Book Review: Nasser's mysterious underground organisation

Mahmoud El-Wardani, Saturday 25 Jun 2016

The real value of the book comes from its historical and documentary perspective; for the Egyptian and Arab library doesn’t have any one book devoted solely to this wondrous organisation

Al-Tanzeem Al-Sirri li Gamal Abdel-Nasser (The Underground Organisation of Gamal Abdel-Nasser) by Amin Iskander, Mahrousa Center for Publishing,Press and Information, Cairo 2016. pp.615

The Free Officers organisation, which mounted the 23rd July 1952 Coup, wasn’t the only underground organisation that was formed by Gamal Abdel-Nasser, who established in the sixties of the last century a group called the Socialist Vanguard.

 If the Free Officers was an organisation among military officers aimed at overthrowing the former regime, the Socialist Vanguard was made up of a great number of ministers, statesmen and officials in different posts. Of course, it didn’t plan to topple the regime, but rather to support and defend it. Perhaps the irony lies in that the organisation was underground while Nasser was in power, even during the peak of Nasser’s glory and achieving victories both locally and internationally.   

The real value of the book comes from its historical and documentary perspective; for the Egyptian and Arab library does not have any books devoted solely to this wondrous organization; despite this organisation’s influence on Egyptian political life, there is not a single book tackling that jittery period of Egyptian contemporary history. 

The reason for this can be attributed to the organization’s underground work, and that most of its sources, sessions’ minutes and papers were destroyed as soon as they were distributed. Thus, the book’s author, Amin Iskander, embarked on putting on paper all what was discussed by Nasser’s men who participated in forming the organisation, in newspapers’ interviews, books, articles and testimonies.

The author also relied on what could be considered a real treasure trove; a great number of secret documents including the original minutes of some organisational meetings, organisation leaflets, and statements and directives to its members. It’s noticeable that the author was aware of this material’s historical worth, devoting two thirds of this lengthy book’s 600 pages to them.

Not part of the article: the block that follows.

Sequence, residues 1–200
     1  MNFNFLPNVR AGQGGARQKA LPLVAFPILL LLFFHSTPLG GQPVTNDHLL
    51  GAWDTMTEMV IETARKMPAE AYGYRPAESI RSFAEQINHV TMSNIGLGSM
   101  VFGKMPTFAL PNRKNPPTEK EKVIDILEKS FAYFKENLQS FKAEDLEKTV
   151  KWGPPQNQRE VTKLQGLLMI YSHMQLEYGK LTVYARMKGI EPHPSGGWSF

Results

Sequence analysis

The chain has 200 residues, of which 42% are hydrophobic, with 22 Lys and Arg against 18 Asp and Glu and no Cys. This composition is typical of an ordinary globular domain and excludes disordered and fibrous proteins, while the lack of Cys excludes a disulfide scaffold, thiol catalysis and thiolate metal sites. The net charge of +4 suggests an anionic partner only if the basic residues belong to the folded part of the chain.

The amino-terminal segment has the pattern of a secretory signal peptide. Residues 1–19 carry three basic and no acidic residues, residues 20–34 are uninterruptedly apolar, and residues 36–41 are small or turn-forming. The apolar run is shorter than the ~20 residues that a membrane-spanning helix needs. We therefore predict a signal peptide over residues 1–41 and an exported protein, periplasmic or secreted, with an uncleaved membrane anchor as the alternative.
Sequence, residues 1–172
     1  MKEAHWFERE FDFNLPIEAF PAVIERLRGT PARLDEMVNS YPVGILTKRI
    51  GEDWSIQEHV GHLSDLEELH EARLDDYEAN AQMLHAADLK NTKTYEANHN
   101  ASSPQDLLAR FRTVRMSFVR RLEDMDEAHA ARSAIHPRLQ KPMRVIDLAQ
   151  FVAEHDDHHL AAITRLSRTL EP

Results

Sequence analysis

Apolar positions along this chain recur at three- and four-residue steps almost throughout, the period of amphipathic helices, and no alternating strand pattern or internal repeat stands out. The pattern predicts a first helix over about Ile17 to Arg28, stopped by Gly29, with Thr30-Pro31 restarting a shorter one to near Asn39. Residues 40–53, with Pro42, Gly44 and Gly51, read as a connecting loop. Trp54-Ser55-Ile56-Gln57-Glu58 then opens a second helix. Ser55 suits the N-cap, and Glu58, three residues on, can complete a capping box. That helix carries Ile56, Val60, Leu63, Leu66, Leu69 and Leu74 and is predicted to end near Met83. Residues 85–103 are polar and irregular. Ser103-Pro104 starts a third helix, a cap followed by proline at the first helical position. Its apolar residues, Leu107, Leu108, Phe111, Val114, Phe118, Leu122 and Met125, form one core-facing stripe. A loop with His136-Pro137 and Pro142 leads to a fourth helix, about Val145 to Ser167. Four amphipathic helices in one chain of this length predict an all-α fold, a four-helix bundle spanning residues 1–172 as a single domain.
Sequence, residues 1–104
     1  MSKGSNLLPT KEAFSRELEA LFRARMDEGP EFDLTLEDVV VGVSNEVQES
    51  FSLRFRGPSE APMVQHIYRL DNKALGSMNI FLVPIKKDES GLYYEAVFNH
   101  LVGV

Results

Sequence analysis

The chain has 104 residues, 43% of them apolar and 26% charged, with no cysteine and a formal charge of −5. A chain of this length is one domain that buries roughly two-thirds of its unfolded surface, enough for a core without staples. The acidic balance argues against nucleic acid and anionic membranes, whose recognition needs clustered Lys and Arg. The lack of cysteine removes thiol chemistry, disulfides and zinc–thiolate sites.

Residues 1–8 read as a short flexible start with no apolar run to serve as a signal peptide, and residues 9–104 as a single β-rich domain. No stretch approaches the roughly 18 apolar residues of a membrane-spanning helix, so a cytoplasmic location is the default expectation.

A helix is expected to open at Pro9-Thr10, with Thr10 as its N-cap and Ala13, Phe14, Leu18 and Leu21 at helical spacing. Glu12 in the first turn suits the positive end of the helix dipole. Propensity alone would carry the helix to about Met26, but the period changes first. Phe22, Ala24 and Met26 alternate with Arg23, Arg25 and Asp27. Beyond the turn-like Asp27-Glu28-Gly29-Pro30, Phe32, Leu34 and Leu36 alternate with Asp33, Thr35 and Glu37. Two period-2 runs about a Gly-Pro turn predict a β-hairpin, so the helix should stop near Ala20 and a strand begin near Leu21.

The organisation was established in June 1963, after Gamal Abdel-Nasser met a small group of five persons: Ali Sabri, Kamal Refaat, Mohamed Hassanein Heikal, Sami Sharaf, Abbas Radwan and Ahmed Fouad. All of these men were occupying high ranking positions in the state’s apparatus. Nasser ordered them to form an organisational circle made up of persons whowere trustworthy, efficient and loyal to the revolution and its leader.

According to what was mentioned in testimonies of the organisation’s leaders, cited by the author verbatim, the reason for establishing the organisation was the presence of opportunists and corrupt members within the Arab Socialist Union. In addition, the Union was incapable of action and unable to influence the masses. Thus, the main reason for the creation of the group was the president’s mistrust in the public political union, which he himself established years ago as an extension of a series of organisations that ruled the country single-handedly since 1954.

A leadership committee was formed comprising of 250 members, including communists, some of which were released from the prison a short time before. The secret organisation’s headquarters was in one of the palaces owned by the state in the Zamalek district.

The organisation began its work throughout Egypt and its membership ranged, according to different sources, from between 30 thousand to 150 thousand. The political action of the members, who were distributed geographically and according to their various posts, focused on holding regular meetings to discuss the national political situation or discuss the organisation’s activity in different posts.

Perhaps one of the monumental flaws of this organisation was its well established ties with the security agencies and intelligence bodies. Promoting members to higher levels was done after reports made by the Ministry of the Interior on members in question and the Minister of the Interior was the Secretary General of the organisation.

The General Secretariat, the highest level within the organisation, comprised the head of the intelligence agency and those occupying leading positions in the Arab Socialist Union as well as governors, ministers and other high-ranking officials. One of the facets of the well established ties with the security agencies was writing reports about posts and governorates which led once to uncover the activities of the Muslim Brotherhood in one governorate. Following this, security agencies made widespread detention campaign among the MB ranks.

This unprecedented experience that that resulted from establishing an underground party amongst the highest levels of government was a matter full of risks. Finally, what proves the absurdity of the whole experience was that members of the organisation fell in their first confrontation with opposing forces; when President Sadat made his coup against Nasser’s regime and men, he threw all of them behind bars in May 1971. The rest of the organisation’s members escaped after Sadat dissolved the group and put most of its members on trial.

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